Sunday was a busy day for Old Man John. In the morning Tommy and I went out on a call to track a buck that had been liver shot the day before. There was good evidence on the pass-through arrow, but almost no blood on the ground. After the first bed I saw no blood at all. Twice Tommy followed the same track out for 200 yards paralleling a high tension electric line . The buck crossed the line at some point, but we could never find the track. Very frustrating! And this sort of thing has happened to me before.  My theory is that the magnetic field generated by the high tension power line ionizes the scent particles, so that the dog can't scent them. We worked 4 hours through thick brush and clinging vines, and then gave up. I hate to quit.

At four I met Jolanta at the Beagle Club Pork Roast and got a few leftovers before heading back home to feed Tommy, and get the lights for the next call that was nearby. This time Old John was accompanied by Jolanta. On this call she expanded her role from companion to tracker-in-chief!

We started out on blood near the hit site, but there was very little of it considering that we were dealing with a wound by a two inch expandable that had passed though the guts and then one lung. Tommy got off on another line, and since I was moving pretty slowly on a steep hill Jolanta took over handling Tommy. After 200 yards we decided this couldn't be the right deer, and went back to known blood that we had marked.

This time Tommy got off on the right line that we could confirm by a few specks of blood. Within a 100 yards Jolanta  yelled, "Here he is!"  Jolanta handled beautifully, and I was very proud of her. I have to admit that I was a little ashamed of myself and my tired, cramping legs. I haven't prepared myself psychologically to be an Old Man.

It was very rewarding to see Jolanta glowing with happiness as she experienced the find. In the future we shall go on together. Very often I will be the one marking the line and carrying water for Tommy and Jolanta.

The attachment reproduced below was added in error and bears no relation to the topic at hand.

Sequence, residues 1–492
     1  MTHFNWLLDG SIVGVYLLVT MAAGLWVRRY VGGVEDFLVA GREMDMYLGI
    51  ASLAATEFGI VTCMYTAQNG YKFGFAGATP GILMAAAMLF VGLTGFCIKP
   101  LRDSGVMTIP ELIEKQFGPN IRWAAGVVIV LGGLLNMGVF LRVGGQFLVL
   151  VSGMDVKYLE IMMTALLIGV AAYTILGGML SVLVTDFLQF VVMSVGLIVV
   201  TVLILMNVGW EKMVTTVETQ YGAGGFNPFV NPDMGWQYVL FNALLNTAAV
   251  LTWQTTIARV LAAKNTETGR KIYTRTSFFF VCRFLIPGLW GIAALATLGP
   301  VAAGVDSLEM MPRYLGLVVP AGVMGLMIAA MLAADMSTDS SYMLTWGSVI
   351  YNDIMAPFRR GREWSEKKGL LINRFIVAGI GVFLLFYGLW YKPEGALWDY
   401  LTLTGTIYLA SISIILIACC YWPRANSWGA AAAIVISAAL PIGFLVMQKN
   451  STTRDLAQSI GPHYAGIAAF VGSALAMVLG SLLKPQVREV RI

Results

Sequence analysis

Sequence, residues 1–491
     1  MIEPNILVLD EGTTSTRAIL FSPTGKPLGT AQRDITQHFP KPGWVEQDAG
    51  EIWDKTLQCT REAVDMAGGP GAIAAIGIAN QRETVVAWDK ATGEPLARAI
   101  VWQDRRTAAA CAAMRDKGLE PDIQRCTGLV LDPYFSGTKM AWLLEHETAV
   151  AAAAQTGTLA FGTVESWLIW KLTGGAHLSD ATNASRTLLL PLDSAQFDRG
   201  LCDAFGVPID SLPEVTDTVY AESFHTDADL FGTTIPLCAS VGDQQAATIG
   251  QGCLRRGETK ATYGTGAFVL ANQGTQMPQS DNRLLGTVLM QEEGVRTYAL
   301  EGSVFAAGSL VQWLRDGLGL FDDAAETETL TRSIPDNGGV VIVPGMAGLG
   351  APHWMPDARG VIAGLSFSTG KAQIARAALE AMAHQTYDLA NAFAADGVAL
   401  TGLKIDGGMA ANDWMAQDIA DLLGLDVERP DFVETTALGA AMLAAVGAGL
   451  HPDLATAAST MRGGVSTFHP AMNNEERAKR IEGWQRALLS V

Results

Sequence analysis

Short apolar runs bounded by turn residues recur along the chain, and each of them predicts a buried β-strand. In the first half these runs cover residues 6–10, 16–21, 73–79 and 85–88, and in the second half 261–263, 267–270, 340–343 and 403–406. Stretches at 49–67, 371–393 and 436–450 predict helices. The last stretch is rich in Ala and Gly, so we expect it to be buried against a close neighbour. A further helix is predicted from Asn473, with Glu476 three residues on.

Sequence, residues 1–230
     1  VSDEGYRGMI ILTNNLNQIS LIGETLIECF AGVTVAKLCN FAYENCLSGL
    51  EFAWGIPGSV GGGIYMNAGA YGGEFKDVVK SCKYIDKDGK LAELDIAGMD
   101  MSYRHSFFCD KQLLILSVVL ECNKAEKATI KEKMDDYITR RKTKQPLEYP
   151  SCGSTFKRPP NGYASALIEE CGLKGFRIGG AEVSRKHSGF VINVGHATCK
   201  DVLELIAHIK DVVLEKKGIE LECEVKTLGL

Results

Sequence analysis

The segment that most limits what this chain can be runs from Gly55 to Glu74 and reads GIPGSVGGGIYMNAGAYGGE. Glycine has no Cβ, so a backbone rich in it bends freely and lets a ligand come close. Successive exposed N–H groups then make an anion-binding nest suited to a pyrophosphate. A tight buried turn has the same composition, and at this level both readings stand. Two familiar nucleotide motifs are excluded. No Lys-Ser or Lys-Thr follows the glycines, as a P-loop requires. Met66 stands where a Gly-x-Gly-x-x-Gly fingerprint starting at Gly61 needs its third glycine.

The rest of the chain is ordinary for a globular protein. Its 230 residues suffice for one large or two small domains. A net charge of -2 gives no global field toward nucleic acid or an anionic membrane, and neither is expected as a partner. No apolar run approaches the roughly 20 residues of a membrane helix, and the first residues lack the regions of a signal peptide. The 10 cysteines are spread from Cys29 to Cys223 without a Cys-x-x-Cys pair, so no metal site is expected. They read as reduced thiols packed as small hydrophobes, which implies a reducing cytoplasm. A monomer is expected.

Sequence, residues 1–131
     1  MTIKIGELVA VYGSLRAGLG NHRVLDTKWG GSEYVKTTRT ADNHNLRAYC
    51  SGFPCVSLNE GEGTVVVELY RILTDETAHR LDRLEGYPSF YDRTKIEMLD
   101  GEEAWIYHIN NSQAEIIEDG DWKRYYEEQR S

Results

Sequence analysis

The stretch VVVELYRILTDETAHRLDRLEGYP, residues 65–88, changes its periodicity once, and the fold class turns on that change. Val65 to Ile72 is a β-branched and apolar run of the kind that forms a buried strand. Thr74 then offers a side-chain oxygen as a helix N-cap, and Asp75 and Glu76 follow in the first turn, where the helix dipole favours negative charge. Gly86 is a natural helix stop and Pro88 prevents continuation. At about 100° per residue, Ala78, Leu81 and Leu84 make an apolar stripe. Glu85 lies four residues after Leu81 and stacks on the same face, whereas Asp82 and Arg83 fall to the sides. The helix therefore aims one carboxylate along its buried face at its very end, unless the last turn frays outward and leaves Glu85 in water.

Thursday, October 2, 2014

Two Old Men in the Woods

by John Jeanneney

Yesterday  was the first day of our bow season and my first day of tracking at age 79. I have total confidence in my tracking dog Tommy, but I confess that I was a bit concerned about my own agility in  the woods. Jolanta was even more concerned and went along so that she could call in the EMS helicopter if necessary.

I was almost relieved when I met the hunter. He was slightly younger than I am, but in considerably worse  physical shape. I knew that no one was going to laugh at me in this situation. It turned out that he had brought along his own daughter/caregiver, who got along just fine with Jolanta.

Fortunately Tommy Tracker was the one who really had his act together. The start was complicated because there were no markers, and the hunter could not find any blood to verify the line. We ended up going  to the "point of loss", which is  not the ideal place to begin. Here there was  a confusing pattern of muscle blood that had been walked over by the hunter. Tommy figured the mess out and took a line. Blood... Blood.... Then a long stretch with no blood, but I could see that Tommy was confident. "Trust your dog."